Nate SwannerFormer Reporter, TNW
TNW's former West Coast writer in the PNW (Portland, Oregon). Nate loves amplifying developers, and codes in Swift when he's not writing. If TNW's former West Coast writer in the PNW (Portland, Oregon). Nate loves amplifying developers, and codes in Swift when he's not writing. If you need to get in touch, Twitter is your best bet.
Google I/O is two days away, but there have been very few rumors about what we may get from this year’s event. Nobody seems to have much of a clue as to what will happen, which is either Google playing its cards close to the chest, or having a bad hand.
To tune in to the keynote, you can watch the livestream via Google’s Developer YouTube page or on its official I/O site.
But what will you see here? Here’s what team TNW is looking for.
At CES, Google and Lenovo teamed up to announce its first consumer device with Project Tango, a smartphone.
Project Tango, if you’re unfamiliar is next-gen 3D mapping technology that can pinpoint your location down to several inches. Unlike traditional GPS — a tool useful for getting you to a building — Project Tango can help you accurately navigate inside.
Due to the more precise measurement, it also features some truly amazing augmented reality functionality, such as the CES demo that showed off the ability to re-decorate an apartment, down to which refrigerator — and what type of ice (crushed or cubed) it made.
It’s been a few months since we’ve seen the initial demo, and it’d be nice to hear more about the smartphone planned for this summer, as well as find out more about additional mobile devices that might have the tech behind Project Tango included — maybe the new Nexus?
We already know HTC and Google are likely partnering on at least two Nexus devices this year. It’s not clear whether these will be two phones or a phone and a tablet – but there will definitely be at least one handset.
The phone will probably going to be to be an amalgam of the current HTC 10 and last year’s Nexus design philosophy. That means an all-metal design – possibly even those extra-chamfered edges – but with a fingerprint sensor on the rear instead of the front. The space where the fingerprint sensor was will probably be occupied by a second speaker, keeping the stereo audio Google has maintained in all its devices since the original Nexus 6. The company might also prefer to move to AMOLED instead of HTC’s usual LCD technology.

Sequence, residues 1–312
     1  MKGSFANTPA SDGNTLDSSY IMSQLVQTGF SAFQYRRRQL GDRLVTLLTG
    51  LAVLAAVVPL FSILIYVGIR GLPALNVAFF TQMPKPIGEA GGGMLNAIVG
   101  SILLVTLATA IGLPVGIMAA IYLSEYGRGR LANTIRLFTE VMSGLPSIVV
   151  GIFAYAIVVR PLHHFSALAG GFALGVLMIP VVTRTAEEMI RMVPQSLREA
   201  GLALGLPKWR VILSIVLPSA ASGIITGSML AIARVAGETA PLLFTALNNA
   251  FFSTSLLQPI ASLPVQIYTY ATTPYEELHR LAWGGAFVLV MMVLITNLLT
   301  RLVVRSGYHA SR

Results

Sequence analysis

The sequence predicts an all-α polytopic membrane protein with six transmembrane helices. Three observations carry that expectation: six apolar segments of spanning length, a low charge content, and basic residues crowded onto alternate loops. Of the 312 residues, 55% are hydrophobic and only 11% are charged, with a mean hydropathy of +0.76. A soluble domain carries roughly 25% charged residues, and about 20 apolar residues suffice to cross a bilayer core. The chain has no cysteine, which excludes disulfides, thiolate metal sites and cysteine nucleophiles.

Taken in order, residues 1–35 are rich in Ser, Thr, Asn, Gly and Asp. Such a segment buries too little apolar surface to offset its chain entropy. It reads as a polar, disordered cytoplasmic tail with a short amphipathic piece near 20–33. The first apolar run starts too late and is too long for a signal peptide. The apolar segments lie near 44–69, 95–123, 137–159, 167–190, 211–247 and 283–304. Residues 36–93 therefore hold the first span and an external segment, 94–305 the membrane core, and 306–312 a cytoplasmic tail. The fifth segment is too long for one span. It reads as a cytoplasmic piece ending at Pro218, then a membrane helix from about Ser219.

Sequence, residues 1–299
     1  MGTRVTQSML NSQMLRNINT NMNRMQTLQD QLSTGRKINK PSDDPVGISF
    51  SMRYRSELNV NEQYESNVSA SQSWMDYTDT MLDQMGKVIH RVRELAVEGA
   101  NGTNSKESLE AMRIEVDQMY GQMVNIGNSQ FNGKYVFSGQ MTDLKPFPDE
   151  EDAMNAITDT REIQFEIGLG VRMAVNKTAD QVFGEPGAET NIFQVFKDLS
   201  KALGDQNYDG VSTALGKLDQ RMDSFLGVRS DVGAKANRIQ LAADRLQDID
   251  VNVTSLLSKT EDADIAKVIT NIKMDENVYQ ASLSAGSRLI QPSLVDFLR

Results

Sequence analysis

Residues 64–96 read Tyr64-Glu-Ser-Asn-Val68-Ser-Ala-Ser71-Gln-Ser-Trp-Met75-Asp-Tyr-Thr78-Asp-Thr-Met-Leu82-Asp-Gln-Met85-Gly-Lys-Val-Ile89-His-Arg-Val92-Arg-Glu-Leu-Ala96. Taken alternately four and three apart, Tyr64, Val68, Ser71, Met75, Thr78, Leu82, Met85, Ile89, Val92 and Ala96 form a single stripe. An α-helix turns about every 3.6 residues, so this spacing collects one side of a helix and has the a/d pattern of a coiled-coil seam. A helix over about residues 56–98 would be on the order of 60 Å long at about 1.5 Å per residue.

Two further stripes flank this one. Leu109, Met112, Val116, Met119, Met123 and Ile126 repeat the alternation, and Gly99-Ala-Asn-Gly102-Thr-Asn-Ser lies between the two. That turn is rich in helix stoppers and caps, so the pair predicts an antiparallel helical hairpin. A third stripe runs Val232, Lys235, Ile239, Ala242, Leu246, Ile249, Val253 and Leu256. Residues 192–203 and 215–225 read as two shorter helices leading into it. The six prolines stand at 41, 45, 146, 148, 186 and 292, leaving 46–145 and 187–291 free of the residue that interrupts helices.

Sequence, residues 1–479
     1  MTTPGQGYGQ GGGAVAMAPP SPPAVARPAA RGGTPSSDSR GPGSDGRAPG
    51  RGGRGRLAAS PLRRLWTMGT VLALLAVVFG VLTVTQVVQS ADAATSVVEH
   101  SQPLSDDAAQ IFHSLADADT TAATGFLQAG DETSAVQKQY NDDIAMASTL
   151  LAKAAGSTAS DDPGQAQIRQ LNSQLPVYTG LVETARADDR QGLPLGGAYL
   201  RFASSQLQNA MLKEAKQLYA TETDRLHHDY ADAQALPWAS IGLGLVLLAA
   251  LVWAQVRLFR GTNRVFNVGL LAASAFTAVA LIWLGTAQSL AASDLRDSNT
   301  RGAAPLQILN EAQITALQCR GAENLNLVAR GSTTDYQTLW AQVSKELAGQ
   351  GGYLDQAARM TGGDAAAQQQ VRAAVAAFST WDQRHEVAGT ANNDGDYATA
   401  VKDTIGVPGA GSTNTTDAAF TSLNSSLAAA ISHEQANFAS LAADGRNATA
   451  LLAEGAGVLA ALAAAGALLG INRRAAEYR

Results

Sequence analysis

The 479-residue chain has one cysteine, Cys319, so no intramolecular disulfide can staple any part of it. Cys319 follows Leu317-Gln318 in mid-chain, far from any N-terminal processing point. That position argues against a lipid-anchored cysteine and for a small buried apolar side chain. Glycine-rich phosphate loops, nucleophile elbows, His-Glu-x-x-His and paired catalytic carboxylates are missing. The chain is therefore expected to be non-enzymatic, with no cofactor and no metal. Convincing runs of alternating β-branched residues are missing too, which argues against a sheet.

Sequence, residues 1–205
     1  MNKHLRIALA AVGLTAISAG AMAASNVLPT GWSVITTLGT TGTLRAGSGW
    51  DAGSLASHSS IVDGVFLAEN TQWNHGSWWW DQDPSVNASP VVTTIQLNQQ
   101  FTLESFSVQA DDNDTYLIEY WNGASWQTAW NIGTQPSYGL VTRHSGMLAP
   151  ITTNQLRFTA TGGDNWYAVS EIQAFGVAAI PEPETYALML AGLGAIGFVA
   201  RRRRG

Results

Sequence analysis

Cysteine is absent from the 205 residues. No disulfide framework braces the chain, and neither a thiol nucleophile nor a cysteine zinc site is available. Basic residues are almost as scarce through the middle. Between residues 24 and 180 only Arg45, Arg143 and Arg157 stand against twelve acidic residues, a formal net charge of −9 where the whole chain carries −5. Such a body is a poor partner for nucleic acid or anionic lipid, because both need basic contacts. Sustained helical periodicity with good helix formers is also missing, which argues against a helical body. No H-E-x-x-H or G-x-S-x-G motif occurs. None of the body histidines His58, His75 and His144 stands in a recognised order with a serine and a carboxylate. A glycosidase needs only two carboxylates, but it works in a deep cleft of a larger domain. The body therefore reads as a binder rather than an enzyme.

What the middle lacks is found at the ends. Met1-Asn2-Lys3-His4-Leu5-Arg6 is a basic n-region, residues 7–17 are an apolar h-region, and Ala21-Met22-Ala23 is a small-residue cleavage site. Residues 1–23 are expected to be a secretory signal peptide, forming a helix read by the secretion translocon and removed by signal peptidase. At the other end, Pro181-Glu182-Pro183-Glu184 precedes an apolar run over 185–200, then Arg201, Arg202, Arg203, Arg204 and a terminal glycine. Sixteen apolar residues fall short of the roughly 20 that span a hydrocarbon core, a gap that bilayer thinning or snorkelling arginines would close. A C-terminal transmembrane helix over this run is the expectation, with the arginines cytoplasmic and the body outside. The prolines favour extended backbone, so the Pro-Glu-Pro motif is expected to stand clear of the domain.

That said, it’s hard to say how Google will differentiate it from last year’s Nexuses other than the usual spec-bump. 3D-touch-like pressure sensitive displays seem to be out of the question, but VR will likely once again be in the limelight. I’d like to see a faster display refresh rate and lower latency, making the Cardboard platform more competitive with Samsung’s GearVR. It’s also a good opportunity to move towards a 4K display, as VR’s magnified image is pretty much the only reason such a high resolution would be useful on a phone.
Unless you have a Gear VR, the world of Android VR is really limited. Cardboard is cool, but ultimately limited due to its form-factor which requires you to hold it to your face.
When a rumor popped up that Google was working on a standalone Android VR headset that was specced to fit between a Gear VR and Oculus, it seemed like a no-brainer. Even though Sundar Pichai seemed to be holding back laughter when he introduced (and gave out) Cardboard at I/O 2014, the company has been serious about it.
The real question is how good it will be. Reading the rumor tea leaves, “better than a Gear VR” means better than a Galaxy S6, which logically means Google is slapping next-gen Android phone specs into a headset. That’s exciting.
It’s also exciting to see Google push the envelope on VR for the masses, even if its motives are just monetization. VR is best experienced through games, and Play Store games make a lion’s share of the app revenue.
We’ll be looking out for one key metric, though: pricing. If Google can make a really good VR headset for $300 or so, it’s a no-brainer. If it’s asking $500 or more, consumers will be forced to consider other options that are ultimately better.
Google I/O is a great time for the company to finally unveil that Echo competitor product rumored for months now. Code-named ‘Chirp,’ it’s the product that Google should have made long before Echo took over the in-home AI assistant market. After all, it’s arguably superior at search, it’s got a decent shopping branch, and it already has plenty of third-party partnerships.
Plus, Google Now is great for tying all your accounts into one place for glances at your schedule, commute, weather forecasts, and more. Echo, meanwhile, still can’t even tell me the price of a Kindle when asked.
An Echo-esque Chirp alone would be exciting to see come out of I/O, but it would be even neater if it somehow managed to build its OnHub router into the device for an assistant that is truly multi-functional. If we’re gonna let Google into our homes, might as well embrace what it could do in addition to answering a few trivia questions.
Android Pay could officially launch its voice payment thing, but we’ll likely hear news about partnerships Google has formed. Android N should also play a part, but Google is developing it in the open now, so there’s not much to anticipate there.
Google has a lot of interesting stuff going on; the thing is, none of it seems ready for prime time. Even Android Wear seems to have stagnated.
If you’re looking for a wildcard, Android apps working on Chrome OS is a good one. A recent discovery suggests Google will allow its desktop system to utilize Android apps, which feels like something that could be really useful, especially in schools.
Whatever happens, we’ll be on the ground in Mountain View bringing you the news.
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